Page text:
Oh, and relax that evening in some nice warm water and prepare for sore shins the next day. :-)

PS: I can't snowboard. :-P

December 12, 2007 at 09:58 PM · I absolutely LIVE for X-country skiing. Once you learn how to do it properly, you will never want to stop (it's like jogging on the moon)

Downhill? No thanks. There is simply too much chance of breaking an arm. Even though that chance is relatively tiny, it's significant enough for someone who needs both arms to generate an income. I just don't see the sense in it.

December 12, 2007 at 10:02 PM · You can never be really good learning to ski at that age. Just kidding. Lots of snow to you!. And be careful.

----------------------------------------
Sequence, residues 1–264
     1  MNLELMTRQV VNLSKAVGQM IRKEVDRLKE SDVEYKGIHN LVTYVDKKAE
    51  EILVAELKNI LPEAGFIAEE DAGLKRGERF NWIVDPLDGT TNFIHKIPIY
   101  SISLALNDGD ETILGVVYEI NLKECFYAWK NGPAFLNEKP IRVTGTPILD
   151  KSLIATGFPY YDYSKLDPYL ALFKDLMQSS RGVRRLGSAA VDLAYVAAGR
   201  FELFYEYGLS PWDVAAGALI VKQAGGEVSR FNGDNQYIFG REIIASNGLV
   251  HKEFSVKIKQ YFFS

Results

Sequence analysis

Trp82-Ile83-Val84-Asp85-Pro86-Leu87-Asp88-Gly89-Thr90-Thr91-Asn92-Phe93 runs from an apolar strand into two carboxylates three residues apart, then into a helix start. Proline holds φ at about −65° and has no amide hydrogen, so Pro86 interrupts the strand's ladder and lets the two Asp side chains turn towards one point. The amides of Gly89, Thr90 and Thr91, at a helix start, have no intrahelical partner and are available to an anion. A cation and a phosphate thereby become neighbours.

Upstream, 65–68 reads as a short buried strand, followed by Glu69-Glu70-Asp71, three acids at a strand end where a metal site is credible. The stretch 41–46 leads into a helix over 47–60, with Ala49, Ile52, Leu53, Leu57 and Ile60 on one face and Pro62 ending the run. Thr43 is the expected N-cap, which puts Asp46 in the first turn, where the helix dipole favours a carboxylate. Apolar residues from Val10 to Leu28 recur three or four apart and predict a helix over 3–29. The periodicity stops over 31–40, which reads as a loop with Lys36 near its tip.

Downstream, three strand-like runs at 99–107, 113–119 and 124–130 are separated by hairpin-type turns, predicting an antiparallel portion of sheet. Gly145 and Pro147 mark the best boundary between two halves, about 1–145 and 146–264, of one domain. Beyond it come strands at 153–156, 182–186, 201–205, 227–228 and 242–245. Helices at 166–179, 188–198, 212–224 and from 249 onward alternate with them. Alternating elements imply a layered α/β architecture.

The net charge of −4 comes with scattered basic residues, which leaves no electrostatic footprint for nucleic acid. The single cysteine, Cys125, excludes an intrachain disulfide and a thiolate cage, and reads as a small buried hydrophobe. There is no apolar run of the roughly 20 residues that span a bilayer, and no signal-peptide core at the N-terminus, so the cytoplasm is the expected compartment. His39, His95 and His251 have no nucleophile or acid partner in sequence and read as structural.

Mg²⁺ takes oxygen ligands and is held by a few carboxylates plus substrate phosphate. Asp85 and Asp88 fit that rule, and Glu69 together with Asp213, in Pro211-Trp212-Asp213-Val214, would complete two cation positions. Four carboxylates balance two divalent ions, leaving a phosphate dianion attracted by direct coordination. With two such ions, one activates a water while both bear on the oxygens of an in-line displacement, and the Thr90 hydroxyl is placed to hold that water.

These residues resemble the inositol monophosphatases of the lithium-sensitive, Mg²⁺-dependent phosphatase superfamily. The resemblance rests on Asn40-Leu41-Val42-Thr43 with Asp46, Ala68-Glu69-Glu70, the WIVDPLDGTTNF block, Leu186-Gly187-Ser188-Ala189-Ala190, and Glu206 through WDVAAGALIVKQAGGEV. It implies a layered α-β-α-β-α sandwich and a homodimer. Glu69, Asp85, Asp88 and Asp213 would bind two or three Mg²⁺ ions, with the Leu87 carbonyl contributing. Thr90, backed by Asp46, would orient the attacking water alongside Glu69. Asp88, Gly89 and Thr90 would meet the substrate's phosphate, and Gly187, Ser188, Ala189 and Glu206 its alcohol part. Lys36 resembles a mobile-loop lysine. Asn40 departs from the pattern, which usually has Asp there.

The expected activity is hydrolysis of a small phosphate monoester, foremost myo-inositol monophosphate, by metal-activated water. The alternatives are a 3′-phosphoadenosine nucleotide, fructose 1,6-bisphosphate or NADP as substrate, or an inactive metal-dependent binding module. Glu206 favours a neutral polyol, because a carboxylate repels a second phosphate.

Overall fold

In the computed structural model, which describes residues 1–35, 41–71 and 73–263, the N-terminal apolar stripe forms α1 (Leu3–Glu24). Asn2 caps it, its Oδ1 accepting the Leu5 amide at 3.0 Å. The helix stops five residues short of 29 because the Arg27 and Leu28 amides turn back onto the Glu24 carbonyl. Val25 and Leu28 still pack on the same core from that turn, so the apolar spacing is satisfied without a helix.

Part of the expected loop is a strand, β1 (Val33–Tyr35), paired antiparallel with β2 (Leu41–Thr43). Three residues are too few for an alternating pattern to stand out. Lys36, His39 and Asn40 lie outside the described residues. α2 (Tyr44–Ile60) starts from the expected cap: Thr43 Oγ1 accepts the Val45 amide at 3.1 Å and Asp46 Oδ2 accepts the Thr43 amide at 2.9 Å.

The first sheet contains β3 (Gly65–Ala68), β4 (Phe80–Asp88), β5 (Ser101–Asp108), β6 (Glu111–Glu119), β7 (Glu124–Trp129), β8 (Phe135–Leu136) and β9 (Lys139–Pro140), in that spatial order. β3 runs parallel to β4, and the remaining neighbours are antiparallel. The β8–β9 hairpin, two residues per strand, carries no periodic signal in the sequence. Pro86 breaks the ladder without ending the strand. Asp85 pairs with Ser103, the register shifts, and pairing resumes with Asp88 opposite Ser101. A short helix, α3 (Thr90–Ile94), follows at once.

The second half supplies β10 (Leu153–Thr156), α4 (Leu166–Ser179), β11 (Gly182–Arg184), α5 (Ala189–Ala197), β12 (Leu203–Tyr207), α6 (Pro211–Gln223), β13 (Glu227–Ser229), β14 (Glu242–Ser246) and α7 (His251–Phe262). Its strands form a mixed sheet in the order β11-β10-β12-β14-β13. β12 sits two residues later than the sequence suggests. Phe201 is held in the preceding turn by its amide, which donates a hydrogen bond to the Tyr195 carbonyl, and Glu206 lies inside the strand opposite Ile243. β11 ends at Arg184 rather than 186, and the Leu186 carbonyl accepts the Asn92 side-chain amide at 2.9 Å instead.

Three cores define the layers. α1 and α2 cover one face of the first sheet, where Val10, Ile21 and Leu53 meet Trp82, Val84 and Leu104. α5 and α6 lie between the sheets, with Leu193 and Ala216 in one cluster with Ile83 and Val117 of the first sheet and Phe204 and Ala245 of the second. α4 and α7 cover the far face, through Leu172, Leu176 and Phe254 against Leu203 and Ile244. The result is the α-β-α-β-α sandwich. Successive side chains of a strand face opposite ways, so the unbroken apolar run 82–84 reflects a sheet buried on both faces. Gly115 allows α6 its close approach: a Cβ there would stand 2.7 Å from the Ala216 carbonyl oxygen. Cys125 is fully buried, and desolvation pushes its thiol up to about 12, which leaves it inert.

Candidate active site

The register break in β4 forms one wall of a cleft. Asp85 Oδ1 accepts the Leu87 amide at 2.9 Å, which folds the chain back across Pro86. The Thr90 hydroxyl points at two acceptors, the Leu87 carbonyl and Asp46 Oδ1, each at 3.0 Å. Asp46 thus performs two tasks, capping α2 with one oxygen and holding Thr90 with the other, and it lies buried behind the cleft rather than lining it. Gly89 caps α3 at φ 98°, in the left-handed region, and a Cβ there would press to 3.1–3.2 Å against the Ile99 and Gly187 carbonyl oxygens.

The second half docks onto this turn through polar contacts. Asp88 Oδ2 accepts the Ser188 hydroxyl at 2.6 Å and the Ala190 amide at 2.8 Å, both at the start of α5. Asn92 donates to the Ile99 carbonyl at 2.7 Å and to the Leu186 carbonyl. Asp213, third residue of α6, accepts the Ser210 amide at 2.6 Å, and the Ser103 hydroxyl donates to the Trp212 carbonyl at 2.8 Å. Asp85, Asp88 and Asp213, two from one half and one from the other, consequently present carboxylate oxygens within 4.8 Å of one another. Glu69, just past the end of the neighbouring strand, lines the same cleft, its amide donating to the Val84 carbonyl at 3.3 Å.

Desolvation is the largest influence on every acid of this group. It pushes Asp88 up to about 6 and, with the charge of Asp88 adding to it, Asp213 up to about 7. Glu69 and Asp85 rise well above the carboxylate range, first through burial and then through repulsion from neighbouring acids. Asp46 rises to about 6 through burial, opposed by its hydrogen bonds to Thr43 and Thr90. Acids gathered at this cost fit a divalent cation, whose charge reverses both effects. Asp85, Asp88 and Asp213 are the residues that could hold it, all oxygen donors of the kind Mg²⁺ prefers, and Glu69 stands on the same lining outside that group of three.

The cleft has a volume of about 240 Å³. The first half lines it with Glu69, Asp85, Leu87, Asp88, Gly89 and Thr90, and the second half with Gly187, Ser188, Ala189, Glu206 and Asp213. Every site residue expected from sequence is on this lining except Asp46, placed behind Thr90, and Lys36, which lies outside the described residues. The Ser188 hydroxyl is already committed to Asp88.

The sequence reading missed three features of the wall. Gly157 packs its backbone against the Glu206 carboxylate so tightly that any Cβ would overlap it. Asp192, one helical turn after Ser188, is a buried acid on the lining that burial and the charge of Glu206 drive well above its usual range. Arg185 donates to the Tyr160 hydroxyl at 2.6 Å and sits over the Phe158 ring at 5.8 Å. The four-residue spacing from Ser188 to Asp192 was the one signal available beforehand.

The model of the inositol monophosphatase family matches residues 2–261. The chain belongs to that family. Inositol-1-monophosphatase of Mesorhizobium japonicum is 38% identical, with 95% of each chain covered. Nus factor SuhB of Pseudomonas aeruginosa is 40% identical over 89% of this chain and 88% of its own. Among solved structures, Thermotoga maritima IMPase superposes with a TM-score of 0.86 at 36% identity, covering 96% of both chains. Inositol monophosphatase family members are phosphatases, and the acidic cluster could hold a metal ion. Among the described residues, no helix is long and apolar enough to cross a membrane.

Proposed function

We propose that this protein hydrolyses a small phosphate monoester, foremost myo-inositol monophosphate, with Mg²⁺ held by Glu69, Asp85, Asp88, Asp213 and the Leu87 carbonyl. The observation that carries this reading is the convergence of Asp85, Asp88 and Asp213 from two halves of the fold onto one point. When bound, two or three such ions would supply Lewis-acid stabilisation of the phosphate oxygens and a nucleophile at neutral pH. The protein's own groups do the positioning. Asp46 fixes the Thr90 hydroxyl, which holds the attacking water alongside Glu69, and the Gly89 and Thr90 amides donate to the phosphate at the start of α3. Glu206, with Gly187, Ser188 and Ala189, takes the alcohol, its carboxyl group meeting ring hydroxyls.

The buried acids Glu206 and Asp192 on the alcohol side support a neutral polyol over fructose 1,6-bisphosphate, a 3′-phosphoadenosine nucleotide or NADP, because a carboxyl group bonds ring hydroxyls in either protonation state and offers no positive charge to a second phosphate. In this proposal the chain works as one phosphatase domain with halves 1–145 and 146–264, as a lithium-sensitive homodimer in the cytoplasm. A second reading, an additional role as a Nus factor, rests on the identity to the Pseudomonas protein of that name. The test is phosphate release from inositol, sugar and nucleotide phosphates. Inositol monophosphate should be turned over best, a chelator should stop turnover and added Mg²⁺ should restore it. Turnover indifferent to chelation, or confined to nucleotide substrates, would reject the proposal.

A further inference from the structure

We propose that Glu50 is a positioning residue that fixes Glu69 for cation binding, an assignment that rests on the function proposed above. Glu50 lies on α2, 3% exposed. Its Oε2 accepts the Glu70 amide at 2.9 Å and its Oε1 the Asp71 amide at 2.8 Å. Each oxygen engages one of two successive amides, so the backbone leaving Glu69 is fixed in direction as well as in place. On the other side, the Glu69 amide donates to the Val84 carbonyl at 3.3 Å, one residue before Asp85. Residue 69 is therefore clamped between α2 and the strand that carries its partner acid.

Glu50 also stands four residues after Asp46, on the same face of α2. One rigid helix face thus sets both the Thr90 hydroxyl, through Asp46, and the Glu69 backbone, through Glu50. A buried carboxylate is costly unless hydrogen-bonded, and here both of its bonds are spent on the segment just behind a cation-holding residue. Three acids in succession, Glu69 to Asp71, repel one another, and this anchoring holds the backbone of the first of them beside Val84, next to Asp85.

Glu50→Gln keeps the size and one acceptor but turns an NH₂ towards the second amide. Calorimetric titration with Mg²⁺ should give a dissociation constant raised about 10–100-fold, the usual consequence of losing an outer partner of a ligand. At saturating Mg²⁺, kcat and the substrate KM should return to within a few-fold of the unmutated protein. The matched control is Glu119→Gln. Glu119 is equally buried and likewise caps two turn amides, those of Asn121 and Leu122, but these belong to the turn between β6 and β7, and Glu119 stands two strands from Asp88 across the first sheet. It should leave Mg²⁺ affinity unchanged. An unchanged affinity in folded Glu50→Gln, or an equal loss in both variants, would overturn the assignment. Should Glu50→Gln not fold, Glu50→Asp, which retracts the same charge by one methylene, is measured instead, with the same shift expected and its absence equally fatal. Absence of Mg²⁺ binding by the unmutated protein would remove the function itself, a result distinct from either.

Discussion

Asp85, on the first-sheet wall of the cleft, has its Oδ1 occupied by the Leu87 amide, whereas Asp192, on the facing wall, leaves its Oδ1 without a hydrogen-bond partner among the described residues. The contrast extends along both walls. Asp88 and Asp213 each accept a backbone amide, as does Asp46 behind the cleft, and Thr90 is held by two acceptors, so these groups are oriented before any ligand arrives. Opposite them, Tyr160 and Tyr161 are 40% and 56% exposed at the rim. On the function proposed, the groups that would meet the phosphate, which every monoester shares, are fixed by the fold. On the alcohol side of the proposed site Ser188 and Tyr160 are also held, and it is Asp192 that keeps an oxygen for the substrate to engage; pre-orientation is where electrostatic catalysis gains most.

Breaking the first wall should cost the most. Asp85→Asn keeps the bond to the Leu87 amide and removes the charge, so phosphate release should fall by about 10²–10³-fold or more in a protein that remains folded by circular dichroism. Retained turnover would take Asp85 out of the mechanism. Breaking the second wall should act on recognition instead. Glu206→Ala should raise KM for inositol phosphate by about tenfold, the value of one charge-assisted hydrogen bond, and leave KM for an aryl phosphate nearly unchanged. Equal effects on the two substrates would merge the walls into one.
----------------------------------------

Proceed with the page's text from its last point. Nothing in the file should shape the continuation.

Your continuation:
December 12, 2007 at 10:19 PM · I started downhill skiing as an adult-- love it. But snowboarding seems more difficult for me and most adult-starters I've talked to. I'd rather spend my time having fun on skis than being frustrated on a snowboard, although someone with a natural affinity and better nerves would probably love both.

Just watch out for other skiers. I broke my wrist years ago in Colorado when some out-of-control stranger plowed into me as I was waiting by the lift line.

December 12, 2007 at 10:37 PM · Greetings,

I think skiing is fine. The only thing I woudl avoid like the plague if they still have them in the US is the artifical ski slopes like the ones we used to have in Britain. These actually has a kind of netting on the surface and they were norious for cuaing broken thiumbs,